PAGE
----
On March 29 and 30 2021, social media posts claiming the minimum wage would be $44 in 2021 if it had risen at the same rate as “Wall Street bonuses” were enormously, virally popular on Twitter and Imgur:
Had the minimum wage increased at the same rate as Wall Street bonuses since 1985, it would be $44 today.
— Robert Reich (@RBReich) March 29, 2021
A March 29 2021 tweet by Krystal Ball (@krystalball) was shared in the Imgur post above; it linked to a March 29 2021 CBS News/MarketWatch article. The article began:
The disconnect between Wall Street and Main Street has perhaps never been more glaring in the past year [2020/2021], when the stock market hit new records even as tens of millions of people lost their jobs due to the pandemic. But it’s part of a longer-term trend, with Wall Street bonuses surging 1,217% since 1985, or about 10 times the pace for minimum wage workers during the same stretch.
If the federal minimum wage had kept up with the same growth as Wall Street bonuses, the baseline rate would be $44, according to a new analysis from the Institute for Policy Studies, a left-leaning think tank that examines income and pay inequality. The baseline wage has been stuck at $7.25 an hour for more than 11 years, the longest period it’s gone without an increase since it began in 1938.
The typical bonus for a Wall Street employee jumped 10% last year to $184,000, the New York State Comptroller said on [March 26 2021], which served as the basis for the IPS’ analysis.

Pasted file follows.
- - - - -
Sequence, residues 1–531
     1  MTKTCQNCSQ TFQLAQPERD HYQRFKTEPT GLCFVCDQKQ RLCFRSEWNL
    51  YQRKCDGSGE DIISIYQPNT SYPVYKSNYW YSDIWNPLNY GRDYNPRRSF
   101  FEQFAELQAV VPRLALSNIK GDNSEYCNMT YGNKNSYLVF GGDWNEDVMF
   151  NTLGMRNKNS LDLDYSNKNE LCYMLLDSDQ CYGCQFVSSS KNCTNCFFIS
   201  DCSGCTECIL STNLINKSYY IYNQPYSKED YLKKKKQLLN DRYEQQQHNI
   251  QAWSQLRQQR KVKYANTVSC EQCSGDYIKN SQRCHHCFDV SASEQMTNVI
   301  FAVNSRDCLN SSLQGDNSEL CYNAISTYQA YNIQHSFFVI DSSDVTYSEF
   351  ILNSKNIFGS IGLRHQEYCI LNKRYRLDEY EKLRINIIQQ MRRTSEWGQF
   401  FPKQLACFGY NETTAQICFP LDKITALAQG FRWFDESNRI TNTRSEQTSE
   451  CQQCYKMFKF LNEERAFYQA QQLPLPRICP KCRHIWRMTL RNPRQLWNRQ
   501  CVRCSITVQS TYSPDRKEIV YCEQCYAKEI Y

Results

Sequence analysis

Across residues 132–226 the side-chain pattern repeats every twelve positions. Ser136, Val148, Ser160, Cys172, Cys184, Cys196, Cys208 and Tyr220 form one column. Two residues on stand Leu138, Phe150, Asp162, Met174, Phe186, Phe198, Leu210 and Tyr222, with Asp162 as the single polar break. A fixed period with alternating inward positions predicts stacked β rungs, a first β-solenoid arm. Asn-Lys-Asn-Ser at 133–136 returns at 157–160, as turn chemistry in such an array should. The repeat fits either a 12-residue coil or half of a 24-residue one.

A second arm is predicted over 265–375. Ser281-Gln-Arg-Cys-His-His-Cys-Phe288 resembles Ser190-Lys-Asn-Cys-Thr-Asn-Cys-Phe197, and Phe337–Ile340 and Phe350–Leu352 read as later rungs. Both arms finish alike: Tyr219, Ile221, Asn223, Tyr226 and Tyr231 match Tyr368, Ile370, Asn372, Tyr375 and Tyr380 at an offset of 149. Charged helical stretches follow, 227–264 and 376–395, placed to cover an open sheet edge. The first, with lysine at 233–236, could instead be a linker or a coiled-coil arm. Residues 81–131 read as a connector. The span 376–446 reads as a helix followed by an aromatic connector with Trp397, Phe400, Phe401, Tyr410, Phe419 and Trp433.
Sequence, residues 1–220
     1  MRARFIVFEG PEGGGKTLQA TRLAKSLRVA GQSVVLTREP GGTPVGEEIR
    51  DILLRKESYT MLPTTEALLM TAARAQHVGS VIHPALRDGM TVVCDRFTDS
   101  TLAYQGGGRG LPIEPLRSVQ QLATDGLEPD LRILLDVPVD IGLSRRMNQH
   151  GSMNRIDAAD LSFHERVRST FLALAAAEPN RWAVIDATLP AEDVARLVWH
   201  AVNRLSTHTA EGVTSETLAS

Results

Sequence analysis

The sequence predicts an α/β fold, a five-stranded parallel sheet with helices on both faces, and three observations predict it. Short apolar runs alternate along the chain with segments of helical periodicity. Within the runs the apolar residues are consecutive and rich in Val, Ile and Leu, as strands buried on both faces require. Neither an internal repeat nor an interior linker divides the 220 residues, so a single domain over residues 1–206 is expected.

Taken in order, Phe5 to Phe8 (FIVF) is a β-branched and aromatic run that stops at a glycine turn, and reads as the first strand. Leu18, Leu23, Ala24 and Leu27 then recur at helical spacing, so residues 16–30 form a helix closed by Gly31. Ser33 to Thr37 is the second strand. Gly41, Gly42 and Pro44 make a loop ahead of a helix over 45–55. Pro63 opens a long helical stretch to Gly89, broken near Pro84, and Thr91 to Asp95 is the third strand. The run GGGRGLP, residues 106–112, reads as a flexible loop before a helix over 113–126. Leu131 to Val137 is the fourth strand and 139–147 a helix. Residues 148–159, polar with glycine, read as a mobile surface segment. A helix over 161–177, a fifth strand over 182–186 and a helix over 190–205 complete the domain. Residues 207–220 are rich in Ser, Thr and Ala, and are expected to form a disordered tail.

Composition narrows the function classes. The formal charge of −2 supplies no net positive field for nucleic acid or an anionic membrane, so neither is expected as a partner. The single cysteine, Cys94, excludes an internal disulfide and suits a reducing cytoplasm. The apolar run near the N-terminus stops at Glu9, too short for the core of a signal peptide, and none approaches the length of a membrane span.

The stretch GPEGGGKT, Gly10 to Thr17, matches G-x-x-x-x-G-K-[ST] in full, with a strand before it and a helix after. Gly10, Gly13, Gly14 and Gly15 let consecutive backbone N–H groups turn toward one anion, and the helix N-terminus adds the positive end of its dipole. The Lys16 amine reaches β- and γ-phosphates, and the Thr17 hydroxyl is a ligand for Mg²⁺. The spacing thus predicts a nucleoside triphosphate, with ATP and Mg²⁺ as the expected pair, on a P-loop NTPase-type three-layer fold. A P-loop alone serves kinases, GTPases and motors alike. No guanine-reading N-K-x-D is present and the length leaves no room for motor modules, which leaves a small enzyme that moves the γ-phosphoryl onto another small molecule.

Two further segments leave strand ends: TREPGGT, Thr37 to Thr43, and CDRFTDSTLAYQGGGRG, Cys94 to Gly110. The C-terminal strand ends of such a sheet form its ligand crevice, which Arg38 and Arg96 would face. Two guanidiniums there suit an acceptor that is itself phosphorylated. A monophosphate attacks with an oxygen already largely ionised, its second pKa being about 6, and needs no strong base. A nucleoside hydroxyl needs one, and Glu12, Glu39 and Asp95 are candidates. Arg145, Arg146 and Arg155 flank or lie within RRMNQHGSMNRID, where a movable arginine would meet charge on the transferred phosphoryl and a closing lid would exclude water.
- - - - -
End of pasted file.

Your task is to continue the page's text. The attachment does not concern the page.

MarketWatch attributed the $44 minimum wage calculation to a “left-leaning think tank” called the Institute for Policy Studies, and included a number of details pertaining to the figure referenced:
- That the “disconnect between Wall Street and Main Street” widened in 2020 and 2021, as the functional economy stuttered due to the pandemic — while the stock market “hit new records”;
- That the events of 2020 and 2021 were not the start of the “disconnect” in question, and the trend stretched back years or decades;
- That the federal minimum wage was $7.25 an hour, remaining unchanged since 2010 or earlier (eleven years);
- Wall Street bonuses increased 10 percent between 2019 and 2020, reaching an average of $184,000;
- The New York State Comptroller disclosed information about Wall Street bonuses in 2020 on March 26 2021, and;
- Upon the release of that data in March 2021, the Institute of Policy Studies (IPS) applied the observed rate of increase in Wall Street bonuses to the federal minimum wage, arriving at the $44 an hour figure.
In essence, the claim was something of a math problem. Was the actual rate of growth for Wall Street bonuses 1,217 percent between 1985 and 2020, and would an identical percentage result in a $44 minimum wage?
Source Material: New York State Figures
The IPS report was briefly featured on Twitter’s “trending topics,” and the CBS News article was widely shared.
Other outlets covered the report, but we were unable to locate an original version on the group’s social media profiles — typically, those pages featured reporting on the findings, versus the findings themselves. One such article was published by BusinessInsider.com on March 29 2021: